On Sunday, Lady Gaga put on a glass-shattering performance at the American Music Awards, but the singer kept it low-key when she stopped by "The Jay Leno Show" on Monday night to perform and chat about her adolescent years and the Grammys.
Sporting a pair of black sunglasses and a black jacket with shoulder pads the size of her head, Lady Gaga sang "Bad Romance," the lead single off of The Fame Monster, which hit stores on Monday. Male backup dancers dressed in black suits and S&M headgear helped remove her jacket after the first chorus so she could dance more freely — maybe too freely, as her low-cut tank may have veered into wardrobe-malfunction territory on a couple of occasions.
After the performance, Leno asked Gaga about the recent news that she will be ineligible to receive a Grammy nomination for Best New Artist because her single "Just Dance" was nominated this year.
"I'll tell you the biggest reward for me has been my fans," she told the late-night host. "I truthfully don't rely on that outside validation. My fans are my family now, and really what I care about is what they think."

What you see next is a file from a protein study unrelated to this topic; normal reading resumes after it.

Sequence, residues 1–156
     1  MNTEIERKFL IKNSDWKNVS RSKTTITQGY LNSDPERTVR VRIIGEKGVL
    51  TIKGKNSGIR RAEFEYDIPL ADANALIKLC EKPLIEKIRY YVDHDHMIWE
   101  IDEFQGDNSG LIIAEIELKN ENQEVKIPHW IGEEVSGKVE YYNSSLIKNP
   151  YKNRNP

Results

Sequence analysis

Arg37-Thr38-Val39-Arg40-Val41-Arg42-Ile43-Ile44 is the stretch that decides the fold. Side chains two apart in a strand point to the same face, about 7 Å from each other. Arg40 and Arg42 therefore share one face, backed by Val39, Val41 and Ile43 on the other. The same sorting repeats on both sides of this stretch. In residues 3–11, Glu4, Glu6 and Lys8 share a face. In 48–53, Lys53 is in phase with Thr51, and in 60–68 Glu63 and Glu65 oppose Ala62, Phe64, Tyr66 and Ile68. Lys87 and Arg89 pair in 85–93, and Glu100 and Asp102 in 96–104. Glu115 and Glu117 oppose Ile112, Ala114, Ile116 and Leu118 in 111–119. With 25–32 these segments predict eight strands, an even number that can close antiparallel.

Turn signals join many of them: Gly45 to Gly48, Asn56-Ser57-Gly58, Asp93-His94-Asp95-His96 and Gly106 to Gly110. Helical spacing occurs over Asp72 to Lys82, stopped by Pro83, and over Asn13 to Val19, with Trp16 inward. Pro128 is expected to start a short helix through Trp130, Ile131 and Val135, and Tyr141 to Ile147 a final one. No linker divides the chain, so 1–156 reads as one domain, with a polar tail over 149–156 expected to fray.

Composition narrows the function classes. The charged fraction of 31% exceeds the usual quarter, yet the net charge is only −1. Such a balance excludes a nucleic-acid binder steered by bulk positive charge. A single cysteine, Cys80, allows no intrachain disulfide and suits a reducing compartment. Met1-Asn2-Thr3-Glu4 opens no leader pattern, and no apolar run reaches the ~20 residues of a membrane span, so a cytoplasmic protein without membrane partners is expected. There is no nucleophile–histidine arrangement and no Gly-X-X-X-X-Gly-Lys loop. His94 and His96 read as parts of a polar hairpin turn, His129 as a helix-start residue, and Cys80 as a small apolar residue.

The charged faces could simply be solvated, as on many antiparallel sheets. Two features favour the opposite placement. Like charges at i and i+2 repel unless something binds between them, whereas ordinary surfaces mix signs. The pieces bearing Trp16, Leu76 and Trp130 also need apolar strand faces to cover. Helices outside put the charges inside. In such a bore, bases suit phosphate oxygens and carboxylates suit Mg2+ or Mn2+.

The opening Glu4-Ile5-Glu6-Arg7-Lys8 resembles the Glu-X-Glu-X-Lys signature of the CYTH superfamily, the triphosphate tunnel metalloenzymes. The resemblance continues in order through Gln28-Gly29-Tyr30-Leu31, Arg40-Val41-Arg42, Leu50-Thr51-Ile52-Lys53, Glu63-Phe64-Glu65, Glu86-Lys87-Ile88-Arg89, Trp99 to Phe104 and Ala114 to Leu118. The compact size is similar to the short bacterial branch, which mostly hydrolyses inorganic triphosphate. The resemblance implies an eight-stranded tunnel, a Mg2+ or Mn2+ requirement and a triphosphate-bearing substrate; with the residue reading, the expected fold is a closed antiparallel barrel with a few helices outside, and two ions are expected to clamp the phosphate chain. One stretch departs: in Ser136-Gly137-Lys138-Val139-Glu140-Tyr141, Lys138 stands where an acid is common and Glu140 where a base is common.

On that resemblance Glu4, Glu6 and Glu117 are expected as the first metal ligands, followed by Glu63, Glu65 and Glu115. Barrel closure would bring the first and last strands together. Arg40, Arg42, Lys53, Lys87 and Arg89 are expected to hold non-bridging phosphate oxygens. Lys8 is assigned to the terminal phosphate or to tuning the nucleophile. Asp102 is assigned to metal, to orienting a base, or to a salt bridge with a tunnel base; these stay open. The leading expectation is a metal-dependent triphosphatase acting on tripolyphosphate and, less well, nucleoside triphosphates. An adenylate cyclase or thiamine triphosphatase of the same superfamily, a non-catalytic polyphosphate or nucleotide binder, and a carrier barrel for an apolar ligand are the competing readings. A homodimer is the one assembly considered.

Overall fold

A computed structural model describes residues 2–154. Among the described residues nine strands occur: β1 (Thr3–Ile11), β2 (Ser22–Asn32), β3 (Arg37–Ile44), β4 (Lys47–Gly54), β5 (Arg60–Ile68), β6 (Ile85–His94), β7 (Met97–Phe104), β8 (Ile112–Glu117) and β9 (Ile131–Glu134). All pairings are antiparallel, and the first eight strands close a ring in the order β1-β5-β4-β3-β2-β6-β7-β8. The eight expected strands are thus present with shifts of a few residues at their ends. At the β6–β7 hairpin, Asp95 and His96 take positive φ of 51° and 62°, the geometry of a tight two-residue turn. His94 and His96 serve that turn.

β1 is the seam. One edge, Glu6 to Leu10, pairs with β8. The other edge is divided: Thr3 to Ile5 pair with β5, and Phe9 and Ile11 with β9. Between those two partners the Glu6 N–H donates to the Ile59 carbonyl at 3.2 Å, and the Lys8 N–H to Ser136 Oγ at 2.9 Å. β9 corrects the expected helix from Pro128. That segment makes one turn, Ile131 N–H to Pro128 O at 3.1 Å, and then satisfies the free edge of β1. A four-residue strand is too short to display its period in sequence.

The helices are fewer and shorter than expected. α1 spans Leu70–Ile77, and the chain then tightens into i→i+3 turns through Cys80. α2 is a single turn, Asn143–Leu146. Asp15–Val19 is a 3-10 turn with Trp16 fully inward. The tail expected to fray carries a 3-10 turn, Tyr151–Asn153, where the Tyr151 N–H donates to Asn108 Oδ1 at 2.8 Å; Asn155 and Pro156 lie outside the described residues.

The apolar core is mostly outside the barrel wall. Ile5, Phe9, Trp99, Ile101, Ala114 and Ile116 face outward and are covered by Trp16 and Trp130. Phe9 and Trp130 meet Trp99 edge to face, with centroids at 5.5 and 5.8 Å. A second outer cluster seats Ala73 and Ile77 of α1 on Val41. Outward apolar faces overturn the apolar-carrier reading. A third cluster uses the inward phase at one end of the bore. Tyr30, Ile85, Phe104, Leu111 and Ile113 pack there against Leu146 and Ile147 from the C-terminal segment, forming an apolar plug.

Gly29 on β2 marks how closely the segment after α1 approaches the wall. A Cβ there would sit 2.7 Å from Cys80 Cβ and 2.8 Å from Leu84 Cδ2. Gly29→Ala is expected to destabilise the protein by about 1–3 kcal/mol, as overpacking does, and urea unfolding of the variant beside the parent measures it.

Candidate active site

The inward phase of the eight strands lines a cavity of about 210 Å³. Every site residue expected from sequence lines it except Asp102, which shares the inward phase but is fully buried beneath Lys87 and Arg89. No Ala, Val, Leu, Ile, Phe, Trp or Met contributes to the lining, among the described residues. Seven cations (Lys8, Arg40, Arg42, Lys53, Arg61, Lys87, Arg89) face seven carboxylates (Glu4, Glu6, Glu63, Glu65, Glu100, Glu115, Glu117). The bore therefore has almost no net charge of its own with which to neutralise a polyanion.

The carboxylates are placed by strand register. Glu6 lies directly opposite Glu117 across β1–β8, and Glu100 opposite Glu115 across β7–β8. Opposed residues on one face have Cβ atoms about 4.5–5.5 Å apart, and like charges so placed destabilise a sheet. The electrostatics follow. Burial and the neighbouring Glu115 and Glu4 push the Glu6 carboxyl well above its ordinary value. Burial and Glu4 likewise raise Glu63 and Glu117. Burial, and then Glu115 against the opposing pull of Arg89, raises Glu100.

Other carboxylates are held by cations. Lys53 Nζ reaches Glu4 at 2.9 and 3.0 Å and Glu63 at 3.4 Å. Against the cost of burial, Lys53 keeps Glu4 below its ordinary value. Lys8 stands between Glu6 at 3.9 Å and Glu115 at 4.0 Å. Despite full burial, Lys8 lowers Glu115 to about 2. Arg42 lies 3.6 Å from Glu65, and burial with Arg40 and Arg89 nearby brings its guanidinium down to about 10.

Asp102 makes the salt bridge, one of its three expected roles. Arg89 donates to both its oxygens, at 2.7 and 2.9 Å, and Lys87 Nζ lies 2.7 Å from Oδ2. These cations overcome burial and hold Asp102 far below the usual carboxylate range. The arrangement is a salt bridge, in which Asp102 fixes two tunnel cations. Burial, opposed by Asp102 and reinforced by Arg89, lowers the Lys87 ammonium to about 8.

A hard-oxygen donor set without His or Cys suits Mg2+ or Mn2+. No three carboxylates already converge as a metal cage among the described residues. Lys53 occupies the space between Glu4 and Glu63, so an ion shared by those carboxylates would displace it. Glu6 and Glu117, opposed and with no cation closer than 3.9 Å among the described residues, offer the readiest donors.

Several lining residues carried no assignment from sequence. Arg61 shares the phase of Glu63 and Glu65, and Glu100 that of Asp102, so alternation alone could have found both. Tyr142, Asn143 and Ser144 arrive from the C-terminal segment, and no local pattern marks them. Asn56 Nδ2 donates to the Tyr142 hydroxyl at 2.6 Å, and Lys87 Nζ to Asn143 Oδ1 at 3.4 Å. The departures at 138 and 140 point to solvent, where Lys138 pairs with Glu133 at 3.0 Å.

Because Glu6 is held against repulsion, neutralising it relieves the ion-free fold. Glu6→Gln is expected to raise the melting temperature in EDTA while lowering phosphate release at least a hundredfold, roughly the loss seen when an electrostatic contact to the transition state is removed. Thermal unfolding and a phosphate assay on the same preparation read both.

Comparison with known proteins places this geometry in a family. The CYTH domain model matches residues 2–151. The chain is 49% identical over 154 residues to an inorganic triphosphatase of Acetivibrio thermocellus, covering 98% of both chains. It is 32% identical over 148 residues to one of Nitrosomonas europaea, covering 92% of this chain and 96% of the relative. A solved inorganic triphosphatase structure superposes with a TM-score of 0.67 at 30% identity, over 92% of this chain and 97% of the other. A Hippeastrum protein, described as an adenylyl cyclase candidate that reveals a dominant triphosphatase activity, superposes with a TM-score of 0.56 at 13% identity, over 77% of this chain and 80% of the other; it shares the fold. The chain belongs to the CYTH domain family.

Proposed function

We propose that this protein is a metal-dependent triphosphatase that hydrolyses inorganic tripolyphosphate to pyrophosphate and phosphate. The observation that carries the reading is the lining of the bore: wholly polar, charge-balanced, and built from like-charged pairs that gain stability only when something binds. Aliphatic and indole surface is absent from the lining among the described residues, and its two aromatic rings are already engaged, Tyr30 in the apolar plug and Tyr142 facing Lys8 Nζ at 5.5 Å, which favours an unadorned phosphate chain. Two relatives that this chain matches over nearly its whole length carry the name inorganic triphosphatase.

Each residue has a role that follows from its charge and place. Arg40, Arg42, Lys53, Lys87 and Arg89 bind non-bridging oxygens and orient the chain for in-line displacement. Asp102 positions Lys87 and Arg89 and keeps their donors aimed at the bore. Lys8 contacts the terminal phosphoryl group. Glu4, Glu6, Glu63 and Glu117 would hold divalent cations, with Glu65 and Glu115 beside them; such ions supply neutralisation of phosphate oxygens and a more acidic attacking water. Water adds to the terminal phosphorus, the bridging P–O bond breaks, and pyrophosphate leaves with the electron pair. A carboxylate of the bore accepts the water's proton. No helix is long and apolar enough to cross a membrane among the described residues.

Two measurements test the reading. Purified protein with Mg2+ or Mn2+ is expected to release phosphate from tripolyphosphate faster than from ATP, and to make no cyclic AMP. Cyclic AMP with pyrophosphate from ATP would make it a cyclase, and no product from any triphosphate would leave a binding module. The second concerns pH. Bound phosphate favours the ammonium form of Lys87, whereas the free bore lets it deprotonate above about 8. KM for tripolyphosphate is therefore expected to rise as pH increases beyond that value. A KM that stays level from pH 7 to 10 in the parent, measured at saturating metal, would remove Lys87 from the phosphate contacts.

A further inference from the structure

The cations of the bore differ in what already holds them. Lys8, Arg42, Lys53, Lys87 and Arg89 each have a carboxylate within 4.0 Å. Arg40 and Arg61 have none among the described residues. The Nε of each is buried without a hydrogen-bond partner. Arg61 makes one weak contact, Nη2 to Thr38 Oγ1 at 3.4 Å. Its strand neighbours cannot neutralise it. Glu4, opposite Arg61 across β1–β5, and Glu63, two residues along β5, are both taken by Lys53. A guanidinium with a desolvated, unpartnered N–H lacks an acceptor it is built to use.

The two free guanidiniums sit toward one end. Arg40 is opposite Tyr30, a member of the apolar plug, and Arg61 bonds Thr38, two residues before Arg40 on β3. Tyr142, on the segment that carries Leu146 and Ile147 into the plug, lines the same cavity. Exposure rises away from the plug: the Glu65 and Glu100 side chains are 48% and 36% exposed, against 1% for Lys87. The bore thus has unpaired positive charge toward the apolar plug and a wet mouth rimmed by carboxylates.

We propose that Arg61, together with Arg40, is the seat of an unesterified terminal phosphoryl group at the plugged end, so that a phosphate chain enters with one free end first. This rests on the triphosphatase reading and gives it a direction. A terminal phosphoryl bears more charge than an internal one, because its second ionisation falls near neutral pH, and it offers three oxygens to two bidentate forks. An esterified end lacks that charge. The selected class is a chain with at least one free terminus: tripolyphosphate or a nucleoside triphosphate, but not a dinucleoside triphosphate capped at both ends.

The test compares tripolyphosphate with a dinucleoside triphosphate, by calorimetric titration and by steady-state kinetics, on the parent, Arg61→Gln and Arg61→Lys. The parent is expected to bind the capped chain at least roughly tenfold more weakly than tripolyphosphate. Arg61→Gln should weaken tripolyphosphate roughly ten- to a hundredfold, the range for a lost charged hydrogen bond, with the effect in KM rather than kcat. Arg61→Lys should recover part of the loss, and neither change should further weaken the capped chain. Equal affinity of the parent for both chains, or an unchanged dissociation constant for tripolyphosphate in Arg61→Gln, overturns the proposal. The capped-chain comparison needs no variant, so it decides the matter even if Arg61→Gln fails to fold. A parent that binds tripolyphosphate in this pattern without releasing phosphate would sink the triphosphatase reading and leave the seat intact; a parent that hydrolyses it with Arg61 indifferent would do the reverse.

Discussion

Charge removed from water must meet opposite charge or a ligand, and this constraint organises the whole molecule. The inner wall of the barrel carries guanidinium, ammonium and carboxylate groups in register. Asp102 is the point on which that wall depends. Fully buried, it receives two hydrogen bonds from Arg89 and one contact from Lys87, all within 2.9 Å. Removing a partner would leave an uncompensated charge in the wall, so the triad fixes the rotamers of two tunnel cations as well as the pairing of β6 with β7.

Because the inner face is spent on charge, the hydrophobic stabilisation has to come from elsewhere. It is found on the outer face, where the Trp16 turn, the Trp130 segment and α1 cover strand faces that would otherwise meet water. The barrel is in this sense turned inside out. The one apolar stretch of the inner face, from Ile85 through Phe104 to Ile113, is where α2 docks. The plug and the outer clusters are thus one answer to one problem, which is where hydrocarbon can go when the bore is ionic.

On Sunday, Grammy president Neil Portnow told Entertainment Weekly that the rules might be bent so that the songstress could snatch a Best New Artist nomination after all. "We change the rules frequently. We recognize that situation is not perfect, and we are looking at ways to figure it out," Portnow told the magazine.
But on Monday, an official spokeswoman for the Recording Academy told the Los Angeles Times that ballots had already been returned for the 2010 event, with nominees to be announced on December 2, and no further rule changes were expected until after the January 31 ceremony.
Even if she doesn't receive a nomination, Gaga told Leno that she will always remember the woman who initially attempted to bend the rules for her: her mom.
"I started playing out in nightclubs when I was 14," Gaga said. "My mom used to take me, and she'd be like, 'My daughter's too young to be in here, and I'm too old to be in here, but she's really, really good."